New Nuclear – Scotland
RUTH Davidson has been criticised for committing her party to building two new nuclear power stations in Scotland without giving their cost or saying how they would be paid for. The Scottish Conservative leader included the pledge among a package of environmental measures designed to protect the environment and tackle climate change. The Global Challenge, Local Leadership policy paper said the Tories were the only pro-nuclear Scottish party and promised to support “new nuclear power plants at Hunterston and Torness”. Published to mark Scottish Environment Week, the Tory paper said natural resources could not be used at the current “unsustainable” rate, and more must be done to cut fossil fuel use. An SNP spokesperson: “Considering the eye-watering bills the public face for the Hinkley Point vanity project in England – which could cost the taxpayer as much as £37bn – it’s staggering that the Tories want their own white elephants nuclear projects in Scotland without any detail on when, where, how or who will pay. “The Tories have an appalling record on the environment. If Ruth Davidson wants to be taken seriously, she should call on her Westminster colleagues to fulfil their broken promise on Carbon Capture investment and to reverse their cuts to support for renewable energy.” Green MSP Mark Ruskell MSP said the Tory proposals were cynical “greenwash”. He said: “The frackers’ friends, the Tories, have no environmental credentials.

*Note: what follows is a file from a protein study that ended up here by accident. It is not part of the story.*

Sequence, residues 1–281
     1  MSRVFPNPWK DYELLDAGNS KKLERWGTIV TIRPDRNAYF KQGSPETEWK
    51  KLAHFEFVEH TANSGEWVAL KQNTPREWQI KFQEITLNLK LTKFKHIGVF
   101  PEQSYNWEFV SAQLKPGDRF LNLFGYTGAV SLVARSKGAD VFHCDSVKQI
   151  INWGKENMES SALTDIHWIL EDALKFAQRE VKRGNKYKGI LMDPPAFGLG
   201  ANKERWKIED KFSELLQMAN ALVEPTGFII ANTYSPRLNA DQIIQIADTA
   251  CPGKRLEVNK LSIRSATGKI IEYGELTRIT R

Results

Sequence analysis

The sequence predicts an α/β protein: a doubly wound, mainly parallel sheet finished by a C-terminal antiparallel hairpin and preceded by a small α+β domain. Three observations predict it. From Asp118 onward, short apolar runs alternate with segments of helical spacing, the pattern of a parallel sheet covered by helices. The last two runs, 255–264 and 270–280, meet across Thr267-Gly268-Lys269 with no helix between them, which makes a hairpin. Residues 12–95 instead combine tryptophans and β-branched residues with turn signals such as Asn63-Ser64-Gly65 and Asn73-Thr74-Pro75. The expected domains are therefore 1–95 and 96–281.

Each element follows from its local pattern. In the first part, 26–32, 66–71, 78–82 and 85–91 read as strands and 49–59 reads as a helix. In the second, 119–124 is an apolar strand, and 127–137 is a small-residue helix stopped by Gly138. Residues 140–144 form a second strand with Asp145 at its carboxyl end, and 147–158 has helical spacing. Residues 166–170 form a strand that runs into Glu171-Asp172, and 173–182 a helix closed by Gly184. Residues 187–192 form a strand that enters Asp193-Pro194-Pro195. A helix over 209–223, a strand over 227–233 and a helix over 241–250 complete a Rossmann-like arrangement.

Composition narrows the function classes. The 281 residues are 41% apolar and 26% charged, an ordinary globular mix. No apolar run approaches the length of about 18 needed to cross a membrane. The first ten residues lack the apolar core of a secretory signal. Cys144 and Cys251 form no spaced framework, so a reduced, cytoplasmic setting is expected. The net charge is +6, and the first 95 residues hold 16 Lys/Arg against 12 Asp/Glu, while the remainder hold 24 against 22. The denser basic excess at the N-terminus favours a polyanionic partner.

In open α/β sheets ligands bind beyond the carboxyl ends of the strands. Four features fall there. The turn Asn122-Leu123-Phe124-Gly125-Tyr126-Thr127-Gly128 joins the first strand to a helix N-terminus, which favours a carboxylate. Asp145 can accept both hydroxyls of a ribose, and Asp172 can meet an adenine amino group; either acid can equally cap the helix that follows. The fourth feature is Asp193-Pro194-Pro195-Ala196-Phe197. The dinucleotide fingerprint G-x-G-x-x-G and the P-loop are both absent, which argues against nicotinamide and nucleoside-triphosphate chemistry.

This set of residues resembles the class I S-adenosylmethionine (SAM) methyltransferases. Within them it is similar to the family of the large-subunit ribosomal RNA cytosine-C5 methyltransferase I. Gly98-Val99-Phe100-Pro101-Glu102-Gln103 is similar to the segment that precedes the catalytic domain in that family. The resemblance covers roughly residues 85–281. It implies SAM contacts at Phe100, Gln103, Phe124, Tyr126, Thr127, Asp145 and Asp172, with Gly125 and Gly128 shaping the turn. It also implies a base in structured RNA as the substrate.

Herald 23rd Feb 2017 read more »
Scotsman 23rd Feb 2017 read more »
Express 22nd Feb 2017 read more »
STV 22nd Feb 2017 read more »
The Scottish Conservative party has launched a major new policy on energy and the environment – in a move that could replace parts of the SNP-Govt’s own draft Scottish Energy Strategy, while dove-tailing with other parts of it. Proposals include: A step change in support for BPVs (battery powered vehicles), including incentives for electric car ownership – such as free town centre parking and allowing use of bus and taxi lanes; a new fund to expand BPV charging points across Scotland and urges public bodies to consider electric vehicle ownership; A target to ensure 50 per cent of Scotland’s energy comes from renewables by 2030, with individual targets for heat, transport and electricity sectors; Support for nuclear as part of a low carbon economy – with new plants at Torness and Hunterston; New developments to maximise solar energy capture and install heat pumps in design considerations; Backing for 10 per cent of all the Scottish Government’s capital budget to be spent on energy efficiency measures – with the aim of ensuring all homes are energy efficient by 2030.
Scottish Energy News 23rd Feb 2017 read more »
Free town-centre parking for electric cars, the creation of new nuclear power plants and a target for half of Scotland energy to be produced by renewables are among Scottish Conservatives’ plans to protect the environment and tackle climate change.
Energy Voice 22nd Feb 2017 read more »